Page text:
A convicted felon who was being held in Orleans Parish Prison alongside Kendall Harrison in 2012 has told a jury that Harrison admitted to him he had shot Harry “Mike” Ainsworth as the Algiers Point handyman tried to stop a carjacking attempt earlier that year.

“He asked me if I knew anything about forensic evidence. I asked him what he meant. That’s when he told me he was carjacking a lady and a man came up and got in his way, and that’s when he shot the man, and he thought he had wiped the car down,” Joshua McReynolds testified Saturday in Orleans Parish Criminal District Court.

“He said he didn’t want to kill the guy. He just got in his way. He was scared. I asked him what’s it like to kill a guy. He said it was similar to shooting a bird with a BB gun.”

McReynolds, 28, is serving a 20-year state prison stint after pleading guilty to armed robbery about a month after Harrison’s purported admission while the two inmates were housed in protective custody in the city’s Templeman V jail facility.

During a testy exchange with Harrison’s defense attorney, Lionel “Lon” Burns, McReynolds vehemently denied seeking a reduced sentence in return for his testimony.

The jury heard evidence throughout the weekend in a trial that began Tuesday and will continue this week.

Prosecutors Payal Patel and Alex Calenda continued Sunday to lay out their case against Harrison for a killing in which police weren’t able to obtain a positive eyewitness identification of Harrison as the shooter. The 20-year-old defendant has not confessed to the crime, and the 9 mm murder weapon has not been found.

On Sunday, the prosecutors began presenting evidence of a “trace” DNA match to Harrison from genetic material found in Anita Hedgepeth’s Saturn Ion, the car Harrison allegedly was trying to steal.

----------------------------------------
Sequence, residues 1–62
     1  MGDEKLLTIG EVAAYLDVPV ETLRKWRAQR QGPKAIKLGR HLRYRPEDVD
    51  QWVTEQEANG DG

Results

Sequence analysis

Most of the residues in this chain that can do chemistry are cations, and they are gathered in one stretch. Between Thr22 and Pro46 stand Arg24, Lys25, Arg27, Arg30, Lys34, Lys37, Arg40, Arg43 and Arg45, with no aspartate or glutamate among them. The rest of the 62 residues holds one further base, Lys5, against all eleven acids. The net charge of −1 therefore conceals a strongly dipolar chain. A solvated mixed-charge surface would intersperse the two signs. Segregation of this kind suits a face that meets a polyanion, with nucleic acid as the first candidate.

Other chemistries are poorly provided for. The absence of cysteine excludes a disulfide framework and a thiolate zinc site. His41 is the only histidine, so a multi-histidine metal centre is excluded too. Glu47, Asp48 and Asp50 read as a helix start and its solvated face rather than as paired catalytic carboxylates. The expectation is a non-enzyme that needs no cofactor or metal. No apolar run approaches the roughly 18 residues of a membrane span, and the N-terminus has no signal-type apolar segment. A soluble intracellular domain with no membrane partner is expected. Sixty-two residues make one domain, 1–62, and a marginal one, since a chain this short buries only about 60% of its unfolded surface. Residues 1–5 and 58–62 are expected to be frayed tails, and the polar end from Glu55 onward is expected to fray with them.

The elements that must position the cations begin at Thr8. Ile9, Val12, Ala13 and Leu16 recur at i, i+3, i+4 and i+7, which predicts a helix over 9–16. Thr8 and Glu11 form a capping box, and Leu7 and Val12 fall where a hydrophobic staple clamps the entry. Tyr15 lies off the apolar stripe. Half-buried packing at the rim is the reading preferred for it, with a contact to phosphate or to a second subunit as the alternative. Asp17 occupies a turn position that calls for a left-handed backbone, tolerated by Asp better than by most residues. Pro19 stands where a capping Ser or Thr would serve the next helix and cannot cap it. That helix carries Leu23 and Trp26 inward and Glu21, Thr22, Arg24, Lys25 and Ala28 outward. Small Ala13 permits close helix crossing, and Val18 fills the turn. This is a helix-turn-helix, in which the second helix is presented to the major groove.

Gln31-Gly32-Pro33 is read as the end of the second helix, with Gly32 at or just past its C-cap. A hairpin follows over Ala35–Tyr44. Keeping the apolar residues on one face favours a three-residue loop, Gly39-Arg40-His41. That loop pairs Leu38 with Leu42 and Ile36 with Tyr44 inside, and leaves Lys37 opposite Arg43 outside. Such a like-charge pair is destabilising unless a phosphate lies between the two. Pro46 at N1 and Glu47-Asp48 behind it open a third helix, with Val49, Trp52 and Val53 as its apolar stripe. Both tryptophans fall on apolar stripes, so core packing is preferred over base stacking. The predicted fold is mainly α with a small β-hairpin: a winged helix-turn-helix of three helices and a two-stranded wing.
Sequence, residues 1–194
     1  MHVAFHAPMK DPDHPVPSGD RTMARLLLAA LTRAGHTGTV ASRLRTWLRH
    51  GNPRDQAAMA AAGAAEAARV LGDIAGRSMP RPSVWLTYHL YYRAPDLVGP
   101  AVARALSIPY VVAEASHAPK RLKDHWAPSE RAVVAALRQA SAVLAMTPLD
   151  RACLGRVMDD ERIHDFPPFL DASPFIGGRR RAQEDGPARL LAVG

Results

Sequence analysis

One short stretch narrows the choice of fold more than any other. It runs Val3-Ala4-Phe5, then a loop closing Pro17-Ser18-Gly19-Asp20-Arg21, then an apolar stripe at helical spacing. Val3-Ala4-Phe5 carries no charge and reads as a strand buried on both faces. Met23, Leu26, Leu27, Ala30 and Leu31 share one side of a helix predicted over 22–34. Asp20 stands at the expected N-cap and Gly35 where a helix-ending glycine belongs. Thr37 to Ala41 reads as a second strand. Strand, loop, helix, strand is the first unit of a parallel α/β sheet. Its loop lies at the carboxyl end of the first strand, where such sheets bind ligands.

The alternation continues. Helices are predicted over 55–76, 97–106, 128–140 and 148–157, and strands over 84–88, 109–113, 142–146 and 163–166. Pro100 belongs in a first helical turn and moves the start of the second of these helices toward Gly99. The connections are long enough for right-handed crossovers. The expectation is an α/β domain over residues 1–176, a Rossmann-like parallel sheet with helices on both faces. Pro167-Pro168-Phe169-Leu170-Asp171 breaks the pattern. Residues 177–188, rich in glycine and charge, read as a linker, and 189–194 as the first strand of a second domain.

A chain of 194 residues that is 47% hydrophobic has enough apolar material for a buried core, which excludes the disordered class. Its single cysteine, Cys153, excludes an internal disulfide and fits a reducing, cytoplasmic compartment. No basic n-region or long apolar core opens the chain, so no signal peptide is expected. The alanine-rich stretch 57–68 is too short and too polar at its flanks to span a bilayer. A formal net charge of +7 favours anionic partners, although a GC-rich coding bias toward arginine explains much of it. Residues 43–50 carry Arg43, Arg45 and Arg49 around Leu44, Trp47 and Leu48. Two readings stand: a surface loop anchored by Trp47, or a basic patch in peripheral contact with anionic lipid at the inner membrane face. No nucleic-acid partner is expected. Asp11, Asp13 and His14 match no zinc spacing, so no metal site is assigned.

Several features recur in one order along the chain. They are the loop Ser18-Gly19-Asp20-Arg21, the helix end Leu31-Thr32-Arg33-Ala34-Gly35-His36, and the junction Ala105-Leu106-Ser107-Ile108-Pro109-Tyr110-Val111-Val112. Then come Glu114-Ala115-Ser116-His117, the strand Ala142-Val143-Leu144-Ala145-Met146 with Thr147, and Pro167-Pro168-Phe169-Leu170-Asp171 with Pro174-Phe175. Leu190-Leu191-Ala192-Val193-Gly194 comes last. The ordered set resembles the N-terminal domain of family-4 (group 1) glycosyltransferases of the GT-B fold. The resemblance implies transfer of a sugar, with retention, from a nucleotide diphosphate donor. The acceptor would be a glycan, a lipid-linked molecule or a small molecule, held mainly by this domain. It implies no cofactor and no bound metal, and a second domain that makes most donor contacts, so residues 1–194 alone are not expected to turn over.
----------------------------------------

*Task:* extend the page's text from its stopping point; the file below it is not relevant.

Hedgepeth’s screams during the carjacking drew Ainsworth’s attention as he dropped his two boys, ages 9 and 10, off at a nearby corner bus stop about 7 a.m. Jan. 25, 2012.

He ran down the street, leaped onto the Saturn’s hood and started bashing the windshield with his fists before he was shot twice in the chest. Ainsworth, a booster for police organizations, ran across the street and fell onto the lawn of the house in the 500 block of Vallette Street where Hedgepeth lived.

He was quickly hailed as a Good Samaritan after a killing that shook the normally sleepy neighborhood and alarmed the city.

McReynolds said he had heard news reports of the killing while in jail months earlier but had no idea police had arrested Harrison for it, until the two struck up a conversation while they were together in jail.

“That was the first time I knew it was him,” McReynolds said.

He said he twice wrote to District Attorney Leon Cannizzaro’s office about what he said Harrison had told him, the first time in 2012, but he never heard back until this year, when prosecutors came for his story.

McReynolds said he has no expectation of receiving a reduced sentence for his testimony, although he has filed an application from prison for post-conviction relief, seeking a revised, 10-year sentence based on other legal claims.

“The only thing I ask is they make sure they place me somewhere I might be safe,” he said. “I’m not benefiting from this in any way, just to get this off my chest. I’m in danger just by sitting up here in this chair.”

Police Officer Troy Dickerson testified Sunday morning about the collection of DNA evidence from Hedgepeth’s car.

In his cross-examination, Burns suggested a challenge to the police handling of the car, with its key DNA evidence against his client.

Harrison, who was 17 when Ainsworth was shot, told police he was in Harvey when the killing took place and hadn’t been in Algiers Point for more than a week prior to Ainsworth’s killing. But a pair of relatives testified that he was with them, three blocks away. A cousin said he showed up around 7:30 a.m. as police converged on the crime scene after the shooting that morning.

Other witnesses reported the shooter took a circuitous route toward the 800 block of Vallette, where the relatives said Harrison was.

Harrison faces a life prison term if the jury finds him guilty of second-degree murder. He also is being tried on an armed robbery count in the carjacking.

Follow John Simerman on Twitter, @johnsimerman.